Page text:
How the US gambling industry recovers from coronavirus

How the US gambling industry recovers from coronavirus

Steve Ruddock from shared with Focus Gaming News his thoughts and he assessed the impact the Covid-19 pandemic has had on the US gambling industry and how it can come out the other side.

The reopening of US states has begun, but a return to normal will take time; if it happens at all. The novel Coronavirus doesn’t appear to be going away anytime soon, so as states move forward with their phased reopenings, setbacks are not only possible, they’re expected. 

This careful and phased reopening process will take a severe toll on the US casino industry. Casinos will undoubtedly force it to evolve to the new normal and deal with the dirtiest word in the gambling industry: uncertainty.  

Forced changes at land-based casinos 

There’s no magic switch to flip, so like the rest of the economy, casinos will reopen in phases, with each dependent on meeting the benchmarks of the current phase before then next phase begins. 

For casinos, it will start with social distancing measures that severely limit capacity and increase overhead. If all goes well, more of the gaming floor will come back online, and amenities like restaurants and spas will see initial restrictions eased. The final step is the return of high-traffic areas like theaters, nightclubs, and pools. 

Even if everything goes smoothly, or treatments and a vaccine for Covid-19 emerge, the memory of the pandemic will linger for years to come. People will be nervous in crowds, and the newly adopted social distancing and hygiene measures are likely here to stay. 

Casinos that can adapt and embrace innovations like cashless gaming will thrive. Casinos that cling to the “old way” are likely to wither and die over time. 

These new, costly policies and innovations mean casinos are likely to suffer through some very lean months. That could be the final straw for casinos already on shaky financial footing before Covid-19. These properties are unlikely to see a path to survival given the burdens of operating in a post-Covid world, and some may never reopen their doors. 

Customers will have to adjust to these more rigorous standards too. 

As was the case with airline travel after 9/11, high-traffic areas like casinos will require guests to succumb to everything from temperature checks to 100% identification to perform contact tracing if necessary.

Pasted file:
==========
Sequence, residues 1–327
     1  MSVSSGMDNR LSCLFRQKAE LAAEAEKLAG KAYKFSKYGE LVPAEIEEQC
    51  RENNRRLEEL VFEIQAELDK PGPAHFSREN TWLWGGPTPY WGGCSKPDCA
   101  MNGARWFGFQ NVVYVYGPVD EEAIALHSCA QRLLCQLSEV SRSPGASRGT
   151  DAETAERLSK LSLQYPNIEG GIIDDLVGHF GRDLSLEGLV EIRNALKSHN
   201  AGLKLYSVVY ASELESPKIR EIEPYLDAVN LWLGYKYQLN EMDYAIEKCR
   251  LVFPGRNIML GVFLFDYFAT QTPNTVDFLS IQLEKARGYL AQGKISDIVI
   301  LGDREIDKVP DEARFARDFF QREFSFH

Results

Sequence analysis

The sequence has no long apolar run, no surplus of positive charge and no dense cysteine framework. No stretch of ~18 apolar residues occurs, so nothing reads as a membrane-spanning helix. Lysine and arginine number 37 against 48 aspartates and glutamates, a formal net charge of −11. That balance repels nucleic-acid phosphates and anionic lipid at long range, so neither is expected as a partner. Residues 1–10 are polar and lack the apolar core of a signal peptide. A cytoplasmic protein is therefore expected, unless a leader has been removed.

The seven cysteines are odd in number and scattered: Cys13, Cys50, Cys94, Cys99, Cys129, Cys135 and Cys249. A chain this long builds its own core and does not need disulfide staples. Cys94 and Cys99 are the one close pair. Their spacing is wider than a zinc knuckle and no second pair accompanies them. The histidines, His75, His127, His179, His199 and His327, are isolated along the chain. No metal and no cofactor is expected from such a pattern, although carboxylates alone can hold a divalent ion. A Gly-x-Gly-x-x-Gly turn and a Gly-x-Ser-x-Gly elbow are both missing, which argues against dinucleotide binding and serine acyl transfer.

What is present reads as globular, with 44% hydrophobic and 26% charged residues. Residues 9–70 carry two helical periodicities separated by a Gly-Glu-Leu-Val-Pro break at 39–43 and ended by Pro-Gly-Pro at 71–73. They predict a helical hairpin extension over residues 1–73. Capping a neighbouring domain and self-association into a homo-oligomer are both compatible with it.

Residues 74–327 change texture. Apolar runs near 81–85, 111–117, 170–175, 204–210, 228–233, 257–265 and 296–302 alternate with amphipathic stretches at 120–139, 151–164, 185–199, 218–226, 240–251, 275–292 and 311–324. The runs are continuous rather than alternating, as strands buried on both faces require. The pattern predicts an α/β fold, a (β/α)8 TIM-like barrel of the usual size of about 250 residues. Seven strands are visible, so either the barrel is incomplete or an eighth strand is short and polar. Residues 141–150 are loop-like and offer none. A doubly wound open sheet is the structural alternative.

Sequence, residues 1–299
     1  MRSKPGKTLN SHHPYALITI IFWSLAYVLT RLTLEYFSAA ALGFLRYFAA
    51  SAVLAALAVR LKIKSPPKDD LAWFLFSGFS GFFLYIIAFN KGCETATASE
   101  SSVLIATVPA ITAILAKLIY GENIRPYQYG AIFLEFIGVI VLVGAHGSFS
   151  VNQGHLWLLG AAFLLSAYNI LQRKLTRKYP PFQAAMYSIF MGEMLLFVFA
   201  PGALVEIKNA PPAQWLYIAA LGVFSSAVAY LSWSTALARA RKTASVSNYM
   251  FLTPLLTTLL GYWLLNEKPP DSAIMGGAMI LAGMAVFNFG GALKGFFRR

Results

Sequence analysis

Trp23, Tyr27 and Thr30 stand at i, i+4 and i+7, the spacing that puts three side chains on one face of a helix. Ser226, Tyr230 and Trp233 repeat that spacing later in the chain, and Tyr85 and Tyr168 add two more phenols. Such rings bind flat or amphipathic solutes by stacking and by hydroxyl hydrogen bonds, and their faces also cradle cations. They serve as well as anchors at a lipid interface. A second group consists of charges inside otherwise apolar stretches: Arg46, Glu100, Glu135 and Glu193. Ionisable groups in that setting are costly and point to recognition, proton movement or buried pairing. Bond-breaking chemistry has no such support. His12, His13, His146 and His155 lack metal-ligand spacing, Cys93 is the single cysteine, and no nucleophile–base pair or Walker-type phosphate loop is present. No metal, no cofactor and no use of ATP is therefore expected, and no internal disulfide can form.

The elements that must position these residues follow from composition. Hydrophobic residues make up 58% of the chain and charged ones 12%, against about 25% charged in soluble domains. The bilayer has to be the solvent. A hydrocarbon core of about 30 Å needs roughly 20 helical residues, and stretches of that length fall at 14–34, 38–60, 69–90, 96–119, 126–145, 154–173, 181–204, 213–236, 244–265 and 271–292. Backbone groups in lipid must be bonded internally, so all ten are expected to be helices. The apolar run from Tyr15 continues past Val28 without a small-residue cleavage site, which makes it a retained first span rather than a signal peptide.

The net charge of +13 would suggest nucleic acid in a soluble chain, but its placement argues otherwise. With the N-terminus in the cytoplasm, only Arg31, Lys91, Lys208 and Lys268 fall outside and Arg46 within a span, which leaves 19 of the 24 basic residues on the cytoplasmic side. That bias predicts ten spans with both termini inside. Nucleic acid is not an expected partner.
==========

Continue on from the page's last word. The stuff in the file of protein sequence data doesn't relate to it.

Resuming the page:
Online gambling has been a lifelineduring shutdowns

Even before Coronavirus, the argument for the legalisation of online gambling was already a convincing one. Whether it’s online lottery, casino, poker, or sports betting, the addition of legal online gambling has proven beneficial in the smattering of states that have gone down that road. 

Even before Covid-19 shuttered land-based casinos, online gambling was already proving its worth. As New Jersey and other online gambling states have established, cannibalisation fears were not only overblown; they were entirely unfounded. 

The truth is online revenue has been incremental. Online gambling revenue has been growing at an incredible clip since it launched in 2013, and New Jersey’s land-based casino revenue has grown alongside it in each of the last three years.

Online gambling has also given land-based operators a pipeline into a heretofore unknown customer segment. 

As former Caesars Senior Vice President David Satz told a Pennsylvania committee hearing in March 2017: CIE’s New Jersey experience was that 80% of online players were new customers. Of the 20% that were already in the company’s Total Rewards program database, 42% were inactive customers who re-activated after signing up online.

And Caesars’ experience is far from unique. Tropicana, Borgata, Golden Nugget, and Resorts have made similar statements about their New Jersey online gambling operations, and the early indications from Pennsylvania tell a similar tale. 

A new attitude towards online gambling?

The shuttering of land-based venues provides proponents of legal, regulated online gambling with more ammunition going forward. Not only does online gambling incrementally increase revenue and future-proof a state’s gambling industry, but it also helps lessen the impact of Act of God events like a pandemic or extreme weather that can shutter land-based facilities. 

While states like Connecticut and Mississippi watched their gaming revenue drop to zero during the Coronavirus shutdowns, Pennsylvania and New Jersey managed to keep gaming tax dollars rolling in, at a lesser amount, of course. 

The same holds in online lottery states. States that are exclusively reliant on retail sales have watched revenues shrink. States that have embraced online sales have managed to weather the storm, offsetting declining retail sales with increased online sales

Covid-19 has exposed the casino industry’s shortcomings. But will that affect change? The jury is out on that, and there are plenty of unanswered questions.

Will Sheldon Adelson and other casino operators who’ve fought against online gambling realise they’ve been on the wrong side of the argument? 

Will operators, commercial and tribal, have their come to Jesus moment and stop trying to stack the deck in their favor and accept what they would previously have deemed an imperfect online gambling proposal?

Only time will tell. 

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